A quality control instrument for flour from French firm Chopin Technologies could play a key role in ensuring flour performance matches customers' expectations in a finished product, attendees heard at a recent conference in Paris.
While flour millers may have met the correct specifications of their customers when formulating their flour, on occasions the product may not perform in the correct manner.
"We want to judge the flour based on the end application need, and would like to carry out a benchmark analysis without having to bake the bread," Scott Frazer, from agri-giant Cargill, USA, told the audience.
Frazer claims the Mixolab technology from Chopin tells "us why the bread is bad, and what we can do to fix it".
"While the percentage of protein continues to be a standard measure for flour strength, we can compare that protein content with the flour's water absorption, starch gelatinisation strength and enzyme activity," he continued.
Using Mixolab, Frazer added that Cargill can also determine if these key functionality parameters are "consistent from batch to batch".
He explained that different flour customers have different protein expectations and capacity for water absorption. As the protein increases, technologists expect starch strength – and viscosity – to lessen as it gelatinises.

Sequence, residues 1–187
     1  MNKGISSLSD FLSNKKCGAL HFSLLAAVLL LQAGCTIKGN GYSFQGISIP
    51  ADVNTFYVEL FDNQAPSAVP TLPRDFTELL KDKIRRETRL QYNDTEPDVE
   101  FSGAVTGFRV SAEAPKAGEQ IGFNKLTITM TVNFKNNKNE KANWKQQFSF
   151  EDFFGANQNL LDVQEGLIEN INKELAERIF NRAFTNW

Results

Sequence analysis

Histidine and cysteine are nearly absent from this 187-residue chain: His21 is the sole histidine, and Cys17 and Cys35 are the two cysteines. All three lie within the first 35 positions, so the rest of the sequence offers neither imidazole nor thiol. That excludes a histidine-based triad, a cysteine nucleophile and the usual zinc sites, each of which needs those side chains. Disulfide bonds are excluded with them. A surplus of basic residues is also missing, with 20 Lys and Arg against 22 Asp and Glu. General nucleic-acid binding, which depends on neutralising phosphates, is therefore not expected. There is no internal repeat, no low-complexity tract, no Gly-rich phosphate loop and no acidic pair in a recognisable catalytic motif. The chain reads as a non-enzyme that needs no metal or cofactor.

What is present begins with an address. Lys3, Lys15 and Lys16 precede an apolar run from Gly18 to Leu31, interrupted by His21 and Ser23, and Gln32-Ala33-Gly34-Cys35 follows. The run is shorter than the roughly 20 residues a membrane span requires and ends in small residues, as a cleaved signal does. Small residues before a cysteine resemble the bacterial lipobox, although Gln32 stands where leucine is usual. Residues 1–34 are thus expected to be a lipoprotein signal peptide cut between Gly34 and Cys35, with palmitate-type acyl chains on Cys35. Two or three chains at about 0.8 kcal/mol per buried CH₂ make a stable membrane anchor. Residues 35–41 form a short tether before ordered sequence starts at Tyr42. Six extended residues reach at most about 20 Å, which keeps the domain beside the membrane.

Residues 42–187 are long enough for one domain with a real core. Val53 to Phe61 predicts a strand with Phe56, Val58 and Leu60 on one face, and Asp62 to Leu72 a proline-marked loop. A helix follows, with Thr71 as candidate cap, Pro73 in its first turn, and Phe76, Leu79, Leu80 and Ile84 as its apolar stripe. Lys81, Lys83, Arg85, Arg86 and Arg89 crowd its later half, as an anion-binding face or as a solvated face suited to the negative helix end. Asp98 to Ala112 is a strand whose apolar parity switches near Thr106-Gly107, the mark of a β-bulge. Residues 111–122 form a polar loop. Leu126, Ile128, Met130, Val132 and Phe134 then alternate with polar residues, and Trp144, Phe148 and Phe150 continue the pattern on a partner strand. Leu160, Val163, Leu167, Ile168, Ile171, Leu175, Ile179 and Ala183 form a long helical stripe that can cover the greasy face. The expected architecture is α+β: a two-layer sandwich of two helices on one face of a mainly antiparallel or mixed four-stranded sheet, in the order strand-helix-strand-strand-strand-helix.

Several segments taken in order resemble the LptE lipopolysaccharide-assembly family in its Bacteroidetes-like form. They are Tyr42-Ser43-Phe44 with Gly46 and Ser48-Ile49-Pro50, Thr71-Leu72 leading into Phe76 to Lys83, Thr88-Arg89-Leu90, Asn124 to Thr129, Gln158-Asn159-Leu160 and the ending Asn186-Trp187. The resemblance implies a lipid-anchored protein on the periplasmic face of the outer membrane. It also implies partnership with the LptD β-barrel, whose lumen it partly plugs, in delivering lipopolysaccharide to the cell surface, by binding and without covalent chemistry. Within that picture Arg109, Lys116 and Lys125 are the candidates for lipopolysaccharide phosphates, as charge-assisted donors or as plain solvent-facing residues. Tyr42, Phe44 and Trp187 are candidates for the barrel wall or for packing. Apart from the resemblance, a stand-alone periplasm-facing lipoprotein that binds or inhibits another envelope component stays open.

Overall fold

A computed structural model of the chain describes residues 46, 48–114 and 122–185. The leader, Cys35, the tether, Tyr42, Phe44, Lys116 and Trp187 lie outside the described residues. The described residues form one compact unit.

Further, adding ingredients – such as salt, sugar or high fructose corn syrup – into the bake mix "usually gives a lower viscosity".
"With Mixolab I can add each ingredient and look at the impact of individual ingredients and how they impact the profile of the final mix," said the Cargill employee.
Bakers using harder or softer water – that strengthens or weakens gluten respectively – may notice a change in their bread formulations following any changes to their water supplies. "With Mixolab we can run a profile, and pinpoint if the changes are due to alterations in water," added Frazer.
He suggests the instrument could also be a useful tool in product development because the instrument can “figure out” dough chemistry.
Cargill has also used the tool on corn and intends to investigate different wheat. Frazer cited the growing demand from customers, and consumers, for multigrains, which are becoming a “big deal”.
Riding the health wave, the surge in popularity for multigrain breads is leading millers and bakers to take a closer look at the impact multigrains may have on dough chemistry.
Turning low quality wheat into higher value
Mixolab, from the French firm that claims its instruments are working in "99 per cent of the world", is a flour and dough mixer that "is like a high speed car, but needs a good driver", said conference speaker Fuduli from Romanian bakery player Vel Pitar, which supplies over two million customers a day.
Fuduli stated that mastering the Mixolab had helped the firm "reach a targeted quality and consistency" that contributed to the company emerging as the number one in Romania for "both our flours and bakery products".
A key problem for bakers in Romania is low – or very low – quality wheat, said the Romanian miller, but he asserted that now the firm can produce and offer to the market a good quality flour.